May 18, 2002


Child pornography case dismissed (SELENA RICKS, May 18, 2002, Portland Press Herald)
The U.S. attorney will not prosecute a child pornography possession charge against a Dresden man as a result of last month's U.S. Supreme Court ruling that struck down a portion of federal law that applies to computer-generated images of children.

Steven Guay was indicted in June 2001 on a charge of possessing child pornography in violation of the Child Pornography Prevention Act of 1996. His trial was scheduled to be held next month, but the case was dismissed by federal prosecutors on Thursday.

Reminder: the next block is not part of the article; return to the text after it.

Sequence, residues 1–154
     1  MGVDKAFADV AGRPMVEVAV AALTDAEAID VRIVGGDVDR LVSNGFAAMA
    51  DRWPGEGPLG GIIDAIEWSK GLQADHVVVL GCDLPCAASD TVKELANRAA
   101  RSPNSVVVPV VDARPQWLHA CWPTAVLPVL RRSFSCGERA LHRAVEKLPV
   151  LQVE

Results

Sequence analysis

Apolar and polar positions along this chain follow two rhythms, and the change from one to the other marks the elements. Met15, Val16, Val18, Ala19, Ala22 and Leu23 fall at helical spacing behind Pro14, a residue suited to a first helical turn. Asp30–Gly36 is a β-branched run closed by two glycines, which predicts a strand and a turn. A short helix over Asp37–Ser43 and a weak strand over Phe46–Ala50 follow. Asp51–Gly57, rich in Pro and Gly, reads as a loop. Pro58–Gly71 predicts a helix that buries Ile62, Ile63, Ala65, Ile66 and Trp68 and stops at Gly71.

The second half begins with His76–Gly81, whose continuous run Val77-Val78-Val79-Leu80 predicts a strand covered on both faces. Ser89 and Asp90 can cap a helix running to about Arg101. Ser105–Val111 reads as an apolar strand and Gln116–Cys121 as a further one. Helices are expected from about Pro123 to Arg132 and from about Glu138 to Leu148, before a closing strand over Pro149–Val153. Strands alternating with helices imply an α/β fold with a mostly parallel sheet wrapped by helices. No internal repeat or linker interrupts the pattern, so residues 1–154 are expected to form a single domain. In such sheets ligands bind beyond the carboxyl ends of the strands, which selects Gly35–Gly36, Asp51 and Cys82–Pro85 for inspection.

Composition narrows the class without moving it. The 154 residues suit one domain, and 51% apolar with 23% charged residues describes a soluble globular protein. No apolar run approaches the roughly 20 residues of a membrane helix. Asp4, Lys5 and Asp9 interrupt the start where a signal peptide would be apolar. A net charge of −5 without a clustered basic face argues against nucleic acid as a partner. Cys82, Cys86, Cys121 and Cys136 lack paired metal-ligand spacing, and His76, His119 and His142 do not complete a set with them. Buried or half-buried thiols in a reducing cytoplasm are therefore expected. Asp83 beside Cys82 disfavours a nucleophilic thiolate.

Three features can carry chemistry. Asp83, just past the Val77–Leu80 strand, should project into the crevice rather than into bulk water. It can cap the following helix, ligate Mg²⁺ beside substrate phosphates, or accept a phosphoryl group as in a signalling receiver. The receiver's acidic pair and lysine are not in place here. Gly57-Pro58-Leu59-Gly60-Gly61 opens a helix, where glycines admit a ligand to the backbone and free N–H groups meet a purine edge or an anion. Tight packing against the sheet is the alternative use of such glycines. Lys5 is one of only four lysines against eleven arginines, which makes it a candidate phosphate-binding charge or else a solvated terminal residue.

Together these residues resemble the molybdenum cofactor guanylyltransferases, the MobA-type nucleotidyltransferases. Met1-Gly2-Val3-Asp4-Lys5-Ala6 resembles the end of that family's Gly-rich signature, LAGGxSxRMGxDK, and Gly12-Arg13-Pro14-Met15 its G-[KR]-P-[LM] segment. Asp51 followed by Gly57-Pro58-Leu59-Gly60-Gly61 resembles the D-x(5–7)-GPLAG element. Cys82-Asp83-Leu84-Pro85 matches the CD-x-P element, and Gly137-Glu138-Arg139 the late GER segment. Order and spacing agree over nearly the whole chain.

The dismissal was the first for a Maine child pornography case since the Supreme Court ruling last month. It is unclear whether more cases will be affected.

On April 16, the Supreme Court overturned a 1996 provision that had broadened the definition of child pornography to include not only minors engaged in sexually explicit conduct, but also what "appears to be" minors. That included computer-generated images of children engaging in sexually explicit conduct.

As a result of the new ruling, federal prosecutors began reviewing pending cases, including Guay's.

"We decided that looking at the images Mr. Guay had on his computer, we could not prove beyond a reasonable doubt that those images showed actual children," said Toby Dilworth, assistant U.S. attorney.

This was pretty predictable, but it's still horrifying. The Court has basically made it impossible to prosecute these cases against the worst predators in
our society. Posted by Orrin Judd at May 18, 2002 9:44 PM
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